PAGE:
Credit scoring: risk assessment of a candidate for borrowing by banks

To make a decision on whether to grant credit to a borrower, the banks carry out a credit scoring. It is a method of assessing the risks that the applicant represents.

Credit scoring

Banks and other financial organizations generally carry out a credit scoring, following any request for a mortgage, in order to assess the solvency of the client applying for the loan. It is a rating based on the borrower’s profession, the level of his income, his age, his civil status and the number of children he has. The most obviously considered points are the profession and the income of the borrower.

This rating technique is systematically used by banks because they want to prevent any risk of default by a borrower. Credit scoring is a method based on the “Value at Risk” technique. This consists of an assessment of the borrower’s risk taking into account only quantified elements.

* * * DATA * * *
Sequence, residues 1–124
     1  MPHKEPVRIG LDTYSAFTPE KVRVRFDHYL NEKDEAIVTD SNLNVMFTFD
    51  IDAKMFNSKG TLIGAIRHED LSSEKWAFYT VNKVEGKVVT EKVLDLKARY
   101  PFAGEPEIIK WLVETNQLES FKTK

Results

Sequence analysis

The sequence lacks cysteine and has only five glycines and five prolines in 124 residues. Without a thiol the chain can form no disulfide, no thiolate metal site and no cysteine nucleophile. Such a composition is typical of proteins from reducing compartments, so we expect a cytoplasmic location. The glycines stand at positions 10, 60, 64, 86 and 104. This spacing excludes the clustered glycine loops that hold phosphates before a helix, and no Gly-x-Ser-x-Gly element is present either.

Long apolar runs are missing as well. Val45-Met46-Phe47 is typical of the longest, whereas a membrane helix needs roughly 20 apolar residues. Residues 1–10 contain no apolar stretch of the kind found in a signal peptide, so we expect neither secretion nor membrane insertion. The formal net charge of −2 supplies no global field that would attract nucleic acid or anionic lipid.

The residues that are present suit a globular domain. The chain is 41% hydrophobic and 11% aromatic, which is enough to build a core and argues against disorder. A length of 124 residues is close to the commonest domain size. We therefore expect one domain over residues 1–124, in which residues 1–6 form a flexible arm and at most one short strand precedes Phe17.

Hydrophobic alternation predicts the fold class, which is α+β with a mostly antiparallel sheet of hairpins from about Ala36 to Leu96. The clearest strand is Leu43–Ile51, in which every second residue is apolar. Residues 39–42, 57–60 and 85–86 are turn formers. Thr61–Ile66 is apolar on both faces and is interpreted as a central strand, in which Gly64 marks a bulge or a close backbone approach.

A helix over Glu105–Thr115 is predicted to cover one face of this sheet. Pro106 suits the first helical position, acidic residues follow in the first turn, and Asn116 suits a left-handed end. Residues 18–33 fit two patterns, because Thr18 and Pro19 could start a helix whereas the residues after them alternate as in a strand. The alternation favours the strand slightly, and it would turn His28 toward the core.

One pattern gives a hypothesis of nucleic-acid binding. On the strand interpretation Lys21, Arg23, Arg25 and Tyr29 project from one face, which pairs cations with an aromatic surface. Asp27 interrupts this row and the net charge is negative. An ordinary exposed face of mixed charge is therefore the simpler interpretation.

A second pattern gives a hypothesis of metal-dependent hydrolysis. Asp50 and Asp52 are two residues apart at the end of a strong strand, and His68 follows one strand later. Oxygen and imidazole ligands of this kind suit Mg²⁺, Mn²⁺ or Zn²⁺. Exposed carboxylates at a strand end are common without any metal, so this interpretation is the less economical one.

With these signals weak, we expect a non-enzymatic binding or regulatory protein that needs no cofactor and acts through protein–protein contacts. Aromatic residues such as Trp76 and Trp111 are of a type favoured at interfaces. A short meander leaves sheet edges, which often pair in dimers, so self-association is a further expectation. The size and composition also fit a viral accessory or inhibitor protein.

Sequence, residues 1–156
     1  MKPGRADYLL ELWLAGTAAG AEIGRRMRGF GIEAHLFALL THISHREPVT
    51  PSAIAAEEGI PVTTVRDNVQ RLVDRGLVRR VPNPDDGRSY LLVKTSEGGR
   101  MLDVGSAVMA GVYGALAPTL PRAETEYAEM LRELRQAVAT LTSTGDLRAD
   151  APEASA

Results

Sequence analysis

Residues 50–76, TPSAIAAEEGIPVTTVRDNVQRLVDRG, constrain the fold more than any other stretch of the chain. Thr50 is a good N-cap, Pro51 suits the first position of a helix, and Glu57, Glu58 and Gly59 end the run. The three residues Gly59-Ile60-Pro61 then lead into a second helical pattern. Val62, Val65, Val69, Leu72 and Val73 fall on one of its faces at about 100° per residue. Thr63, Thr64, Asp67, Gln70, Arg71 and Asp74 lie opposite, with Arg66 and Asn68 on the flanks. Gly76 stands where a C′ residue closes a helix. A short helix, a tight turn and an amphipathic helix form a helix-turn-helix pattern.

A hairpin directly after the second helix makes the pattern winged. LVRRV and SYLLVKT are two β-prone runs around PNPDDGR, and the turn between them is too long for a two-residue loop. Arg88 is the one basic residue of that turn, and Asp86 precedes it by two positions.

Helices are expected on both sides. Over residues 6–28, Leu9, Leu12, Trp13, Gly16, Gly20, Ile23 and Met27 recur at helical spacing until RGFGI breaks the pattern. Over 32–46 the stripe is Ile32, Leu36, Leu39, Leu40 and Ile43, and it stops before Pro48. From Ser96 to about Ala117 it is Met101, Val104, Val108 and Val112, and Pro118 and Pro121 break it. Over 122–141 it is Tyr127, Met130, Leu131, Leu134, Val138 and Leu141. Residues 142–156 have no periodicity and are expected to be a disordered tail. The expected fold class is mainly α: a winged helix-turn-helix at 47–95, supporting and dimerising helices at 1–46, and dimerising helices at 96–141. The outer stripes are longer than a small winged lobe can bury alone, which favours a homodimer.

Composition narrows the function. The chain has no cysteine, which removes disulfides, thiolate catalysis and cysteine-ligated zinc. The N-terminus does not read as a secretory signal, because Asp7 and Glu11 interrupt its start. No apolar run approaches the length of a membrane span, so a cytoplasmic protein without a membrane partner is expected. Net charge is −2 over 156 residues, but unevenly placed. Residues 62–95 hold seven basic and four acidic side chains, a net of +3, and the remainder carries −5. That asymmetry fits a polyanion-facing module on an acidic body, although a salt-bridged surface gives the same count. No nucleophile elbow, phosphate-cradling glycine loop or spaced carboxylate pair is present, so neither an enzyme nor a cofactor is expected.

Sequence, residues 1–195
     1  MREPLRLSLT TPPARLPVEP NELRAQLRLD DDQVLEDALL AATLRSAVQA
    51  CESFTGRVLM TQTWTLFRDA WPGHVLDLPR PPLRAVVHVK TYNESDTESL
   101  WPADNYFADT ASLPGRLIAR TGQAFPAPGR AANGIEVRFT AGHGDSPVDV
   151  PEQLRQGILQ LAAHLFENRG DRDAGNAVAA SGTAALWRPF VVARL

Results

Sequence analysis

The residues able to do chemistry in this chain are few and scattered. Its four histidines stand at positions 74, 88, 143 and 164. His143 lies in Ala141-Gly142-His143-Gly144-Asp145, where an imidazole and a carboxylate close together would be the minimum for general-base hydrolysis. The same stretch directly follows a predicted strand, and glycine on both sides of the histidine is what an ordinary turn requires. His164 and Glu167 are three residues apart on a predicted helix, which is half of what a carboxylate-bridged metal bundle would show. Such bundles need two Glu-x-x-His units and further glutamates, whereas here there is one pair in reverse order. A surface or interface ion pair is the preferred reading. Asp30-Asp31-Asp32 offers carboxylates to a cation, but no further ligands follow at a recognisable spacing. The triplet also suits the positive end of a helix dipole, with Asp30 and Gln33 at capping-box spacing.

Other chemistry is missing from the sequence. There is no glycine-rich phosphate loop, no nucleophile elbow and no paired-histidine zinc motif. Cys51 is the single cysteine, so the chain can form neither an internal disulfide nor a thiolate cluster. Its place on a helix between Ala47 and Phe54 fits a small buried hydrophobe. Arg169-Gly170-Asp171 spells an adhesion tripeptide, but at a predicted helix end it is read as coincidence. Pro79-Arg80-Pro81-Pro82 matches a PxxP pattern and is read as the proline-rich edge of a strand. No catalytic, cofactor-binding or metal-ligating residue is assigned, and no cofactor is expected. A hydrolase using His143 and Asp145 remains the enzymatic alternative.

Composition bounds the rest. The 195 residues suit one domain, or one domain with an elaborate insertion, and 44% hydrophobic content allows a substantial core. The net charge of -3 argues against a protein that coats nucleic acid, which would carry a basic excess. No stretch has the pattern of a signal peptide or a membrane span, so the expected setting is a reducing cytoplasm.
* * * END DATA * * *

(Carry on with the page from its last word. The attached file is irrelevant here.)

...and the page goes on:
Can the credit scoring be lacking in the borrower?

Developed to allow banks to limit their risks in terms of granting mortgage, the credit scoring technique seems rather reliable for banks but can however bring certain disadvantages to the candidate for the loan. In the case of a positive rating, the advantage is that this assessment facilitates the agreement of the bank because it wants to be reassured. The problem with credit scoring is that the results of the rating are of course only figures, which can then sometimes cause the rejection of a project, however good the borrower because it will be less considered by the bank than its results. credit scoring.

Credit scoring and the law

The rating of a borrowing candidate is based on data entry concerning him. Recorded in a database of the financial institution that performs the rating, this information is subject to respect for privacy. These cannot therefore be used by the bank if they do not enter into the financial and economic framework of the borrower. The legislation therefore prohibits financial institutions from including in their rating any element such as the origin or religion of the borrower. The institution in charge of ensuring the correct application of the legislation for credit scoring is the CNIL.